Sorry for the super long, stream of consciousness post, but your views on single life really resonate with me! Cheers to single women who make plans and live life to the fullest.

  20. Janelle — January 27, 2015 @ 10:59 am (#)

    Thanks, Ali! I feel like I could’ve written this myself! I love the advice you’ve given – and I recently started making plans for myself – I took a weekend fitness instructor class! I took myself out of my comfort zone, traveled four hours out of state, stayed in a hotel by myself for two nights, and had a BLAST! I am now certified to teach REFIT® classes! I haven’t taught any kind of fitness classes before, so I’m nervous but so excited at the possibility of making connections and impacting lives! So I totally agree with your advice. I am turning 30 this year, and I wanted to start making plans! :)

  21. Adriane Heins — January 27, 2015 @ 11:27 am (#)

    Amen and amen. And remember this: Our Lord’s plans for you are perfect and best, even if it doesn’t seem like it, even when it doesn’t feel like it!

  22. Cara Strickland — January 27, 2015 @ 12:56 pm (#)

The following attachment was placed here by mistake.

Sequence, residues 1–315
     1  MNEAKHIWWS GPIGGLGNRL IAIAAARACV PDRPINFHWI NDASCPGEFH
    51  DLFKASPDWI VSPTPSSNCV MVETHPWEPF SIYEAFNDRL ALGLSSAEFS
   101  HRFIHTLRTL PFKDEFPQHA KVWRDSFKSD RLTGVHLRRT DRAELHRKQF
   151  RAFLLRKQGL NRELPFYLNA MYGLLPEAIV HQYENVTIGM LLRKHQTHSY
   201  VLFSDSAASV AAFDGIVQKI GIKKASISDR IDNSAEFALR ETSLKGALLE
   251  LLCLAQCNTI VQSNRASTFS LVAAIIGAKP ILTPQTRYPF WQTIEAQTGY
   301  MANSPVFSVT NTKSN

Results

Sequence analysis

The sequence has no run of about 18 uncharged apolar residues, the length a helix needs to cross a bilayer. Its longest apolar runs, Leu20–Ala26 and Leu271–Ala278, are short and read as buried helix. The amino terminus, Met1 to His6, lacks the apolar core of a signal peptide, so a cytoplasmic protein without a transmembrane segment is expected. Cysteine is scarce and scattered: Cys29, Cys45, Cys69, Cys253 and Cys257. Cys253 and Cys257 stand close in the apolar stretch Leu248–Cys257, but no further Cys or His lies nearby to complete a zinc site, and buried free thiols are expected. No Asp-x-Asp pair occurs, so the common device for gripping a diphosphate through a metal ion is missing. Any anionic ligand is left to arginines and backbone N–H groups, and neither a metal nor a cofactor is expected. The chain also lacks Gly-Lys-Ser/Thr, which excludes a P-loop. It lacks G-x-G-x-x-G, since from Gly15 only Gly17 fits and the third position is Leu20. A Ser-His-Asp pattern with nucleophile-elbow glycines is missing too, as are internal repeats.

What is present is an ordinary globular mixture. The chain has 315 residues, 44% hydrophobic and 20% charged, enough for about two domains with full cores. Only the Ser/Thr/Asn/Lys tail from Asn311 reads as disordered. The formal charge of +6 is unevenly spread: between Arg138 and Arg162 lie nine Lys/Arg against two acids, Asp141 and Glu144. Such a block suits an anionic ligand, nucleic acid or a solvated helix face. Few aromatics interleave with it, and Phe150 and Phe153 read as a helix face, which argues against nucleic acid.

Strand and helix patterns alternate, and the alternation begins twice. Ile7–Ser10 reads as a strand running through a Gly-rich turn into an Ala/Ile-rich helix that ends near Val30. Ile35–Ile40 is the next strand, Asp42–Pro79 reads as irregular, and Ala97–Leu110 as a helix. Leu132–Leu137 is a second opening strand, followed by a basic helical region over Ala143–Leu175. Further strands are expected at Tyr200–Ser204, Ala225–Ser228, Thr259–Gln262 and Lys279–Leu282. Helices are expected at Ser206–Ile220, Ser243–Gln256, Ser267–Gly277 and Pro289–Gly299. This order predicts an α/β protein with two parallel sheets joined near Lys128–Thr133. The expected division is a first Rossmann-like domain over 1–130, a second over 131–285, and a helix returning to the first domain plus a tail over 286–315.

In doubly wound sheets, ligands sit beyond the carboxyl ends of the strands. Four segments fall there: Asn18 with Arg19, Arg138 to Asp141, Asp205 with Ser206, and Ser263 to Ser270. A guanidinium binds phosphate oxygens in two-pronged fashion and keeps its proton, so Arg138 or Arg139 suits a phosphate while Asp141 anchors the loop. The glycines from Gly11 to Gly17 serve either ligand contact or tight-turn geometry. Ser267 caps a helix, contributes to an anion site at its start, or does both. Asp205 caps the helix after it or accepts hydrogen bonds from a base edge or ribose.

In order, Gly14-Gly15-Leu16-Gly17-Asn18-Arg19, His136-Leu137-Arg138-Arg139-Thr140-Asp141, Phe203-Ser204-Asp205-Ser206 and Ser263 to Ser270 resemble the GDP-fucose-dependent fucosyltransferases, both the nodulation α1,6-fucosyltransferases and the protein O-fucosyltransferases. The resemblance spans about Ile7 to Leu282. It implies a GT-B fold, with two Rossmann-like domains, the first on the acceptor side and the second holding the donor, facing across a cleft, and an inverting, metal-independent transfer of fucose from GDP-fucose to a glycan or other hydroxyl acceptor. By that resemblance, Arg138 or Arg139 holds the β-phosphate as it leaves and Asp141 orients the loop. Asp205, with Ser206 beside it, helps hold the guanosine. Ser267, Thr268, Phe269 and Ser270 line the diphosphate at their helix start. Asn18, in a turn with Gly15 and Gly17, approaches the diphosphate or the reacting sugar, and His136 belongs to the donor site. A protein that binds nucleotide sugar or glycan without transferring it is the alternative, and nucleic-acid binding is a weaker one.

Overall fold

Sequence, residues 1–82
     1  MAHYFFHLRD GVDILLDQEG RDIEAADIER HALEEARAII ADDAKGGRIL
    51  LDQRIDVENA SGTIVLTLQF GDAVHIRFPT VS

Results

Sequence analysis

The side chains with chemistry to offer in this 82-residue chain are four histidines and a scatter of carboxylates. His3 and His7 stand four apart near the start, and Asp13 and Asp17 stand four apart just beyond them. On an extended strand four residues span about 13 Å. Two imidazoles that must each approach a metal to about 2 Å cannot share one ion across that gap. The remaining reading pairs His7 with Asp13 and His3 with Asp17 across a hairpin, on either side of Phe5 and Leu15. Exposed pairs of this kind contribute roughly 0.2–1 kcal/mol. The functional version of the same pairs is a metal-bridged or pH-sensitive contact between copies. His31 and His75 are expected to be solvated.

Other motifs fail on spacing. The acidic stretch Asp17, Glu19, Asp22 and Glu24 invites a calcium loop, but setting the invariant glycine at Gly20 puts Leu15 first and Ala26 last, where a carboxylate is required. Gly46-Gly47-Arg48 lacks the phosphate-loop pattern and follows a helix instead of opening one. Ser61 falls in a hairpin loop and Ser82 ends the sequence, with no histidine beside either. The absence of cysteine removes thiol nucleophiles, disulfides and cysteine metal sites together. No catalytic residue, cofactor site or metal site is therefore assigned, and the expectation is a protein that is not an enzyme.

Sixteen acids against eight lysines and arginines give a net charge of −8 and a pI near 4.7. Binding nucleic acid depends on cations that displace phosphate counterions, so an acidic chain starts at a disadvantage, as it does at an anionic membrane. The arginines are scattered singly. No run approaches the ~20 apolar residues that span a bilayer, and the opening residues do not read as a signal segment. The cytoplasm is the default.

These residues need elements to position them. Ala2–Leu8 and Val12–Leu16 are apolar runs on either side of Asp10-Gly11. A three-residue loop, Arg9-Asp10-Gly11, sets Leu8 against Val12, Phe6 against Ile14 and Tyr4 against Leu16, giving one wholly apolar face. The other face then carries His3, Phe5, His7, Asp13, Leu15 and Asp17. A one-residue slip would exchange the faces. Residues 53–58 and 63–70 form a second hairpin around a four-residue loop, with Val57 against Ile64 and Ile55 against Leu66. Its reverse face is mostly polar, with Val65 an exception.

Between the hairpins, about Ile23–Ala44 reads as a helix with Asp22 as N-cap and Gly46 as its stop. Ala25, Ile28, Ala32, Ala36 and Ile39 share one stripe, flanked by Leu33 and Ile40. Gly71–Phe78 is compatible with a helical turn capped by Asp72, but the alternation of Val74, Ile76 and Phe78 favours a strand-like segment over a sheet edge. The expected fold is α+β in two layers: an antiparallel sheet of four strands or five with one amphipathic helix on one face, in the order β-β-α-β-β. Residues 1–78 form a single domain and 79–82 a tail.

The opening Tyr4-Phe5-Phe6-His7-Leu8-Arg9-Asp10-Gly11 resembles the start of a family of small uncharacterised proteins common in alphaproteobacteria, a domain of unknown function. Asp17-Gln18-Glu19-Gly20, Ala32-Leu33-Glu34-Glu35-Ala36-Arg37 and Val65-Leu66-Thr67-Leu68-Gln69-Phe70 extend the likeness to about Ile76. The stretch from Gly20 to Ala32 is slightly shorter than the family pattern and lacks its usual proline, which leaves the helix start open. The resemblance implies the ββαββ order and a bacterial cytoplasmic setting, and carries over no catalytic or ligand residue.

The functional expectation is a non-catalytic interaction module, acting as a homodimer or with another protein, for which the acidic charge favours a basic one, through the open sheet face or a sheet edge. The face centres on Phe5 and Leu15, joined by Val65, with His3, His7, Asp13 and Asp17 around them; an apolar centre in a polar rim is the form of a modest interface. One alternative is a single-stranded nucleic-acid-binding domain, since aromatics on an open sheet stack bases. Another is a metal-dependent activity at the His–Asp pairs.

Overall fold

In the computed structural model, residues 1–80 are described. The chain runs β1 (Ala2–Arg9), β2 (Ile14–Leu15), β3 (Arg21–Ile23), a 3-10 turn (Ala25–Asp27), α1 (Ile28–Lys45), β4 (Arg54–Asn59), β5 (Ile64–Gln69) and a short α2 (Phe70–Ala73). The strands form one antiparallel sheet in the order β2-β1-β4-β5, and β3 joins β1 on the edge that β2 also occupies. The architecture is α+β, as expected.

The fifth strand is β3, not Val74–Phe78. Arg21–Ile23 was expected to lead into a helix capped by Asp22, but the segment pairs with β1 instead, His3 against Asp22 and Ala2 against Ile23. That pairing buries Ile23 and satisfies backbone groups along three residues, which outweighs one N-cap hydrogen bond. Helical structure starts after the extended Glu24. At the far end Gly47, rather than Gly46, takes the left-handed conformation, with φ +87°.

I just stumbled onto this post and love it. I’m with you in so many ways. (From the Christian emphasis on waiting and marriage, to learning to take risks). It’s good not to feel alone in this, and to find others who are writing on these topics. I write a series on my blog called Single Minded Mondays, and it’s been overwhelming hearing from so many people with so many different perspectives. This is an interesting battle, it’s good to fight it in community. 

  23. Ariana — January 27, 2015 @ 12:59 pm (#)

    AMEN! I had a serious case of the Mondays after planning my Galentine’s Day party yesterday. This is exactly what I needed to break out of my funk and now I can look forward to spending a night with my friends instead of dwelling on the singlehood aspect of the night!

    http://www.ohmyleopard.com

  24. Megan — January 27, 2015 @ 1:44 pm (#)

    Thank you, thank you, thank you for this! I just turned 26, and in the past year I have moved across the country to start graduate school. I’m very happy where I am currently as a single person, but this is a great reminder to continue planning for (and being excited about!) my future, whether I’m single or not. 

  25. Lisa — January 27, 2015 @ 3:27 pm (#)